7 A metal mold for ingots provided with `ribs for promoting heat absorption`from the ingot, and the chamber of which tapers upwardly and outwardly from its base, means at the lippen end of said "mold for the ingot and having a chamber which tapers upwardly and inwardly relatively to the taper of the chamber in thelower part conservingthe heat of the upper portion of n i of the mold, in combination with means for lowering the in bination with `a tapers ot relatively to the mold after it has partially solidiied.l
8.. A metal mold the lowerl part of which is provided on its exterior suriace with ribs to favor heat radiation while the upper part or neck. is constructed to conserve heat,` an the chamber of 'which mold tapers upwardly and outwardly from its base and then upwardly and inwardly to its top.
9. A metal mold the chamber of which tapers upwardly and outwardly in comstool, the central portion of which supporting theingot is removable while the outer portion continues to support the mold.
10. A metal mold the chamber of which .upwardly and outwardly from its base and then upwardly its top, in combination with porting the mold and ingot, the said stool having that ortion which supports the in- 'got adjustab e for independent movement whilepthat portion which supports the mold remains fixed.
'tapers upwardly and outwardly and inwardly to la stool sup 11. A metal mold the chamber from" its base and then upwardly and inwardly toward its top, in combination. with a stool supportinfqgf the mold and the ingot, the said mold havin that portion the side wa ls of the ingot adjustab e for independent movementl while the portion of the stool which supports the ingot remains Xed. l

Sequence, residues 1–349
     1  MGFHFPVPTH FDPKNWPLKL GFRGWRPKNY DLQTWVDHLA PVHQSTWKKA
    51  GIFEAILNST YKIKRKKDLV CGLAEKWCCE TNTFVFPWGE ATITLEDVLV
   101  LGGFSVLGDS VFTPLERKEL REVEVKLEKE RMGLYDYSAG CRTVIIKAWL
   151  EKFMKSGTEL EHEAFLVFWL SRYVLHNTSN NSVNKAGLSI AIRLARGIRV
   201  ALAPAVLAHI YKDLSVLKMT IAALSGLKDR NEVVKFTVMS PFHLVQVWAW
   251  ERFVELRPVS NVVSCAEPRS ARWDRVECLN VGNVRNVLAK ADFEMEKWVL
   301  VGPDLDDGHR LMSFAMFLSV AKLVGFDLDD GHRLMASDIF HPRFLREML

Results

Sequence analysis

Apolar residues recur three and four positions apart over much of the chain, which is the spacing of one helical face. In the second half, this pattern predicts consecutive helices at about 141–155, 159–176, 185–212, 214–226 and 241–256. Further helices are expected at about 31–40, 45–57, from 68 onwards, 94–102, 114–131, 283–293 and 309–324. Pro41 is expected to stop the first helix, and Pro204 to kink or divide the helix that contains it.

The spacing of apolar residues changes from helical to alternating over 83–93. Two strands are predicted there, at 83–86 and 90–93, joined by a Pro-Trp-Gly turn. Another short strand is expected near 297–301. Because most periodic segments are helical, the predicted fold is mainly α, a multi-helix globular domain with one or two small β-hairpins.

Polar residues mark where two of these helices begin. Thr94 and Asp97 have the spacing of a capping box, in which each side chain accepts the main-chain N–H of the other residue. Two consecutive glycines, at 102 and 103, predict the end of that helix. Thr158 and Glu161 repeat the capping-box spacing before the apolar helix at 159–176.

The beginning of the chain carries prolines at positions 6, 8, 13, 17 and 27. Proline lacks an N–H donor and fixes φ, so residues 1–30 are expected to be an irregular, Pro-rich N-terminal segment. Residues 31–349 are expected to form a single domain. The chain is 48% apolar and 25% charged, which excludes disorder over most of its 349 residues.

12. A metal mold the chamberof which tapers upwardly and outwardly from its base and then upwardly and inwardly to the top, an outer portion upon which the mold rests and an inner portion upon which the ingot is adapted to' at irst rest but which is removable for the pur ose of lowering the ingot in the mold whi e it is cooling.
In. testimony whereof, I have hereunto subscribed my name.
. EMIL -GATHMANN Witnesses:
ANNA M.I HOFFMANN, H. L. CADMUs.
in combination with a.stool\having of 'which which supports